AP (Advanced Placement) is a program given by the College Board, the people who put out the SAT, designed to help bright high school students jump into their college classes more quickly. Passing an AP test will, depending on the college, give credit for that class or sometimes even any class taken in the subject area.
AP European History tests on Europe from the Renaissance to the present. In general, the test is taken in May (the 2002 test was May 10) for $78 USD, though reductions are available.
The test is given in three parts as of 2002:
- Multiple choice - An 80-question test worth 50% of the final grade. 55 minutes are given to complete it. The formula for the final score is 1.125*(correct - wrong/4), so you are penalized one point for every four incorrect answers.
- DBQ - Graded on a 0-9 scale. 15 minutes are given to plan and organize the documents, then 45 minutes to write it. Up to six basic core points can be earned for things such as an appropriate thesis and correct groupings of documents. More information can be found on the DBQ node. Final score is the 0-9 score times 4.5.
- Essays - Two must be written in 70 minutes, each graded on a 1-9 scale, with the final score being 2.75*(Essay1 + Essay2). Topics often compare two or more people or major historical developments, but can also ask to simply describe an important event. For example, a few questions on the 2002 AP Euro test were, if I recall correctly, "Compare and contrast the religious policies of two of the following: Isabella I of Spain, Catherine de Medici of France, Elizabeth I of England" and "Compare and contrast the foreign policy goals and achievements of Metternich and Bismarck."
The final scores of each part of the test are added to form a composite score. A composite score of 122-180 gives a 5 on the entire AP Euro test. 99-121 is a 4, 66-98 is a 3, 45-65 is a 2, and anything less is a 1. A 3, 4, or 5 are all technically passing, though some colleges do not accept a 3 for college credit.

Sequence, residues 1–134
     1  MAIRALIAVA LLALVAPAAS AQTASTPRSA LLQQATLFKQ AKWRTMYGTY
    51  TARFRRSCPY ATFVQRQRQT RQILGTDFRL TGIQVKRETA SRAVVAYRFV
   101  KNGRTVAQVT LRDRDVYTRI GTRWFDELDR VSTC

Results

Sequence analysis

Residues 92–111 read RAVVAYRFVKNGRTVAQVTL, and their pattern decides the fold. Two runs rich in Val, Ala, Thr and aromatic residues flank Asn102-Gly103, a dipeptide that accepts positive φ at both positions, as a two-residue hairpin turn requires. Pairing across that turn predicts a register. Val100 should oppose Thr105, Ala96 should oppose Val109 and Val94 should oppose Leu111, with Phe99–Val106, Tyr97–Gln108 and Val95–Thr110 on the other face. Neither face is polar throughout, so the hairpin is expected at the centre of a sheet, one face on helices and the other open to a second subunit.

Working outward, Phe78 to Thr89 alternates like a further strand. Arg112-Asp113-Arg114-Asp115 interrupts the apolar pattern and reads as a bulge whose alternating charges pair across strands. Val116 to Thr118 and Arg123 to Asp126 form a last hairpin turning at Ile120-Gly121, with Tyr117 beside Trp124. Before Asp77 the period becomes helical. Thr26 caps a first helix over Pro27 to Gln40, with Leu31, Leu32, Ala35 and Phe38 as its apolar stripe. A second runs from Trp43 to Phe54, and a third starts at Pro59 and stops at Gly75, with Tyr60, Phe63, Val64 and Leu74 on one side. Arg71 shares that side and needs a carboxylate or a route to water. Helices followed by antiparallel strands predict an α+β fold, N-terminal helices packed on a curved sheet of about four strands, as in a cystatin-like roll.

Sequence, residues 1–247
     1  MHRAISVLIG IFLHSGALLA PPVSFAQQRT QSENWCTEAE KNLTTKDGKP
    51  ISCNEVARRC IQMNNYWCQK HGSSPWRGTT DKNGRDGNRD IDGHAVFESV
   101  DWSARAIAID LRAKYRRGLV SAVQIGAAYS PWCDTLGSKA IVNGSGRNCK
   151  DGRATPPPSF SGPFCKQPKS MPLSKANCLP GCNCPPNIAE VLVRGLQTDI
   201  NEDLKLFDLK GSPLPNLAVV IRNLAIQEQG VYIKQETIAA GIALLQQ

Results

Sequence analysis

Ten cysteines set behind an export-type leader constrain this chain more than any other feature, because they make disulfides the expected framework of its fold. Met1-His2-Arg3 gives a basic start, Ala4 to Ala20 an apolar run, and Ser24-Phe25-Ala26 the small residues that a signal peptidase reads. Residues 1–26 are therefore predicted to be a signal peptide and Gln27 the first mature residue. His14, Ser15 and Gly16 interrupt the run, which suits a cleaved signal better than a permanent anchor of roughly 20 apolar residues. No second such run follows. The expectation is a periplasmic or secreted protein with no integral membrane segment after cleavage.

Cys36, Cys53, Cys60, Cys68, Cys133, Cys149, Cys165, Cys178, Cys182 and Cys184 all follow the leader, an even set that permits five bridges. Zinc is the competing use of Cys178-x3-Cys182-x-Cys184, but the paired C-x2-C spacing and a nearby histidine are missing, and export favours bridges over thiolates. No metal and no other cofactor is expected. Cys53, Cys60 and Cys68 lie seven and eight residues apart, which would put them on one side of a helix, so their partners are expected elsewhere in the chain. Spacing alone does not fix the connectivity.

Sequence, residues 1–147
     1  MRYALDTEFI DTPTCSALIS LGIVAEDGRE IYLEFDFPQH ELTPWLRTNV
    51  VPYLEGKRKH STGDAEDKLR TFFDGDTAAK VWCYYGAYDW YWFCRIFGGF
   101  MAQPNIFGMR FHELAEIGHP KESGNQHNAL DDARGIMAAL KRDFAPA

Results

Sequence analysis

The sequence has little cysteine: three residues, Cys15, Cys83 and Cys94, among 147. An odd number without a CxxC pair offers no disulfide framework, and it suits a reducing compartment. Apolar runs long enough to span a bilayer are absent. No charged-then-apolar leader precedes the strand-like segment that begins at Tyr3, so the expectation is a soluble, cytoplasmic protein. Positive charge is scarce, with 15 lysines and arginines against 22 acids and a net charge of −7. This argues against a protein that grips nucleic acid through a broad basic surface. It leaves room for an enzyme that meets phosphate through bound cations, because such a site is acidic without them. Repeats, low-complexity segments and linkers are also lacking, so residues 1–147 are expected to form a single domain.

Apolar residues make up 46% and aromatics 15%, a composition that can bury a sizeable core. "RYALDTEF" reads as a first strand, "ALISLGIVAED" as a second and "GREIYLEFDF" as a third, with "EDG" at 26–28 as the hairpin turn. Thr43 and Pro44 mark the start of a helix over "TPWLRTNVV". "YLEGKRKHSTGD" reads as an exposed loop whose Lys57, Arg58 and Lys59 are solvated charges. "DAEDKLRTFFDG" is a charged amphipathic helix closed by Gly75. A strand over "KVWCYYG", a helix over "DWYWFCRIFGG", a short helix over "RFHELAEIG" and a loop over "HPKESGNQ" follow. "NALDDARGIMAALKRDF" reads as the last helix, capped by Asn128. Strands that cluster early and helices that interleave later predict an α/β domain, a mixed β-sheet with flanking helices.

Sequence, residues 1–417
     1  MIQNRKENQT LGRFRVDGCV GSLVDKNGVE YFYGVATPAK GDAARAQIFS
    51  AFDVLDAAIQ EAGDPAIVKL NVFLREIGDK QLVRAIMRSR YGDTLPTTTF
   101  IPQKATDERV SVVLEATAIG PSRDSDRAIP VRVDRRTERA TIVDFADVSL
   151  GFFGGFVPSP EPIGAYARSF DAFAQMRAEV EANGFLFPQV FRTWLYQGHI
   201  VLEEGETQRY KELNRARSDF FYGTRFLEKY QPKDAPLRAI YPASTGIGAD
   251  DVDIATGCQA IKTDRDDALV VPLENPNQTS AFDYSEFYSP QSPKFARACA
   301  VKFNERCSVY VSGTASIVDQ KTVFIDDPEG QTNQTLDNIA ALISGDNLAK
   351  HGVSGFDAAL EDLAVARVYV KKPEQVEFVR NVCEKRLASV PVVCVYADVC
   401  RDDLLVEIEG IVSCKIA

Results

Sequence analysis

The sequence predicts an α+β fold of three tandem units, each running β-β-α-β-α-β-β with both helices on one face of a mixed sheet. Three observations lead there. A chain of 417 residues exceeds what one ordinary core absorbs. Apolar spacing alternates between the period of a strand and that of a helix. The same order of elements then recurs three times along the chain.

- Italian and Northern Renaissance, including the Age of Exploration. Art, literature, humanism, and the rise of Protestantism are major topics.
- Scientific Revolution, covering Copernicus, Tycho Brahe, Kepler, Galileo, and Newton
- The Enlightenment. Voltaire, John Locke, and Adam Smith's ideologies must be known.
- Romanticism is covered, though there is much more of a chance of being on the essays than being covered in detail on the multiple choice.
- Transition from feudalism in the Middle Ages to absolute monarchies, republics, and constitutional monarchies.
- Development of capitalism and democracy
- Christianity, both Catholicism and Protestantism. Lutheranism, Calvinism, and the Church of England (Anglican Church) are the three major Protestant sects covered, though you should be familiar with Puritanism, Anabaptism, etc.
- Wars of the various successions, Hundred Years War, Thirty Years' War, Seven Years War, French Revolution, World War I, World War II, and the Cold War.
- Rise of fascism between the World Wars.
- Rise and fall of Communism in Russia and the Soviet Union.
This is obviously a lot to know and be able to regurgitate in the 3.083 hours the test requires, which is why many high schools offer special AP classes to help study for it. At least at my high school, this is the first and only AP class that sophomores can take.
See also: AP US History, AP World History